I was floating. The leaves on the gum tree slipped past. The top of the tree disappeared beneath me.
“This is not so bad,” I thought. The screaming desperation in my muscles evaporated. Bliss replaced it. “I am not sure where I am going… but I’m not scared anymore… and I am definitely not dead. Why am I not dead?”
I thought when I died I would go to sleep. Didn’t someone tell me that dying was just going to sleep? Where was the dark oblivion where I would not remember or be remembered? Where was the sleep I would not awake from? Somehow, I was definitely still here, and I was going… somewhere.
I had a sense of myself, still in the pool. Long blonde hair fanning out in the water, head submerged and neck locked between his knees. I was leaving me behind and going… somewhere. Where am I going? Over there?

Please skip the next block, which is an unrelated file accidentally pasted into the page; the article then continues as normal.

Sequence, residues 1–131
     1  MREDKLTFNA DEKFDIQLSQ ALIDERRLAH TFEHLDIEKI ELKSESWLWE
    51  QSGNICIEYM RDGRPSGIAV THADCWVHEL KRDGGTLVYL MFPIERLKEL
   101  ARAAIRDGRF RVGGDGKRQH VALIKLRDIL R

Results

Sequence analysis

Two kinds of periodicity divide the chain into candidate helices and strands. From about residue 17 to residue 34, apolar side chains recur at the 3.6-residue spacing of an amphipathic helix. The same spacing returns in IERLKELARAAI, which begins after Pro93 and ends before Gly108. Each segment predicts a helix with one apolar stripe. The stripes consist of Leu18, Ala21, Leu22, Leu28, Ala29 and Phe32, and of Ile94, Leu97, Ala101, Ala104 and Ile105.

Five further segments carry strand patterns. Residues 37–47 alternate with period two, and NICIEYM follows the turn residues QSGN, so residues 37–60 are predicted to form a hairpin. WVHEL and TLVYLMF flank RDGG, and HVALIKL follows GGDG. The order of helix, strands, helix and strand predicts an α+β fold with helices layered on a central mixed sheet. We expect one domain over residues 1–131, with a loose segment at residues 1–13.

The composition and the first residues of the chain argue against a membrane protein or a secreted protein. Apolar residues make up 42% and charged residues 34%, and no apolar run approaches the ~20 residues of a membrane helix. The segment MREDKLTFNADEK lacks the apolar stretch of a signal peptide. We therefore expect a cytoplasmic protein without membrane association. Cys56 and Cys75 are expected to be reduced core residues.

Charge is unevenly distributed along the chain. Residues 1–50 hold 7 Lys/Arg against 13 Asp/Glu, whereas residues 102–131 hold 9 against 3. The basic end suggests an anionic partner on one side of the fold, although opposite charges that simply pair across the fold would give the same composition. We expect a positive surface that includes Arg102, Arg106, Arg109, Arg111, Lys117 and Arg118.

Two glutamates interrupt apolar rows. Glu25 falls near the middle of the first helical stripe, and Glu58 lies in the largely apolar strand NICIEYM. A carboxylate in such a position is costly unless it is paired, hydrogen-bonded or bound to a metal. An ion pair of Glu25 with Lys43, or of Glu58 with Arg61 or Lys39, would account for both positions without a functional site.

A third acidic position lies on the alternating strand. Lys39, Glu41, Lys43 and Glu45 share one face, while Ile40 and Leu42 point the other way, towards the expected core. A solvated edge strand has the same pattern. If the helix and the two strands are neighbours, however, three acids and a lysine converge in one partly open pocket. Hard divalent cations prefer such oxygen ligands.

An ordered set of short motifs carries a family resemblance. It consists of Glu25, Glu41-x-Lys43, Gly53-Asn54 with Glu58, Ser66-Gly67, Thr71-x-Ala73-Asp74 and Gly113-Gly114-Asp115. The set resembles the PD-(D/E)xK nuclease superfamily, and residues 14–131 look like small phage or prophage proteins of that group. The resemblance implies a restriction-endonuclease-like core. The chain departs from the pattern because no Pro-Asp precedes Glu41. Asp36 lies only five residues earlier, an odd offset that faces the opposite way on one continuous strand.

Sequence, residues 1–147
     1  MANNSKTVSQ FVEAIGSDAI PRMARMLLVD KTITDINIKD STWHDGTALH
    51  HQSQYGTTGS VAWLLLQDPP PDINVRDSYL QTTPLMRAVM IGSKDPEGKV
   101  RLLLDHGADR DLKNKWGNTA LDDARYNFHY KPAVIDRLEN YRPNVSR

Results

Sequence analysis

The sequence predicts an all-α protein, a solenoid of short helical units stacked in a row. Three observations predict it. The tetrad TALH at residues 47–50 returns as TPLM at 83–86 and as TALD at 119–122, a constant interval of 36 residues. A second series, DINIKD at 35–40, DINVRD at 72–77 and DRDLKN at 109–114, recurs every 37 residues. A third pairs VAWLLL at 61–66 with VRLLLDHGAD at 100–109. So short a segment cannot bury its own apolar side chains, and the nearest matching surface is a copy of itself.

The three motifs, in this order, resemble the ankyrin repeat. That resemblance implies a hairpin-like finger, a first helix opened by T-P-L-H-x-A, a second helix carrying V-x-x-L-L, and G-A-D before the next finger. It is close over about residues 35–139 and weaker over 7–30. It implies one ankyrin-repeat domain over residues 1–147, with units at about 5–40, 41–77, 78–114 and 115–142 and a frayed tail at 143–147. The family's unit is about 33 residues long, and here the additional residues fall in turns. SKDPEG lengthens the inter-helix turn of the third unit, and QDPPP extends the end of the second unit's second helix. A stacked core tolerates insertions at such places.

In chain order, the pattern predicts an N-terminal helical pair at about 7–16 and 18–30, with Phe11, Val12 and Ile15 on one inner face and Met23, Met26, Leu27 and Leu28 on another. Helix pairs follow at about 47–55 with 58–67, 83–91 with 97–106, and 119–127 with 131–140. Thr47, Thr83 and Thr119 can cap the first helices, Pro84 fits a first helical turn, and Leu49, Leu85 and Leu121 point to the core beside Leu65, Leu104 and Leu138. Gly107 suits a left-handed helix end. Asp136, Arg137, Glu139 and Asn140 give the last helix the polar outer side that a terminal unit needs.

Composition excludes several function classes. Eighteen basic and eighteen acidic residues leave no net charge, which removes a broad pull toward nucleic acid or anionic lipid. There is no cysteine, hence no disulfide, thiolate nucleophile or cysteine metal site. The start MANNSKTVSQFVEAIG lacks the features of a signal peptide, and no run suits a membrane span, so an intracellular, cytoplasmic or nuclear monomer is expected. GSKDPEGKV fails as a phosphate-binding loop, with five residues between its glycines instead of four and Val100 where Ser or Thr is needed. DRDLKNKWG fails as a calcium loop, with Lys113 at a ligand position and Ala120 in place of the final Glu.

When he grabbed me and forced me under the water, I had fought to be free. At first in play, thinking that at any moment he would let me go and I would tell him it wasn’t funny… that he wasn’t funny. And then I realised he wasn’t playing. I fought with all my strength. I fought with everything I had. I fought for my life.
I thrashed and clawed at his legs with small desperate hands as the oxygen bust from my lungs in despairing bubbles. But my eight year old body was no match for his ten year old brutality, and I knew I was losing. There was no air left in my body. The bubbles stopped.
“I am going to die.” Fear left, replaced by certainty and acceptance.
I floated… in the water… and into the air. I left me behind.
“So this is what it’s like to die.” I said. I was peaceful. I was surprised.